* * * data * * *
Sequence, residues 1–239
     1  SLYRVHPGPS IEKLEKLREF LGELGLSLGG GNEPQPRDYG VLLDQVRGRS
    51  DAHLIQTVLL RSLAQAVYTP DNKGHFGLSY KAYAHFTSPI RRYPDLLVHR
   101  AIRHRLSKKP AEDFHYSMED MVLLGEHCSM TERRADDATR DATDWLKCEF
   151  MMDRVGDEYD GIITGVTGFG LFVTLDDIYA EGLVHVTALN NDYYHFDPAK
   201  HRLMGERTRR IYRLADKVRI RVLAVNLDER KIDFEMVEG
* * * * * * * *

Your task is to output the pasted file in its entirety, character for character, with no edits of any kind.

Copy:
Sequence, residues 1–239
     1  SLYRVHPGPS IEKLEKLREF LGELGLSLGG GNEPQPRDYG VLLDQVRGRS
    51  DAHLIQTVLL RSLAQAVYTP DNKGHFGLSY KAYAHFTSPI RRYPDLLVHR
   101  AIRHRLSKKP AEDFHYSMED MVLLGEHCSM TERRADDATR DATDWLKCEF
   151  MMDRVGDEYD GIITGVTGFG LFVTLDDIYA EGLVHVTALN NDYYHFDPAK
   201  HRLMGERTRR IYRLADKVRI RVLAVNLDER KIDFEMVEG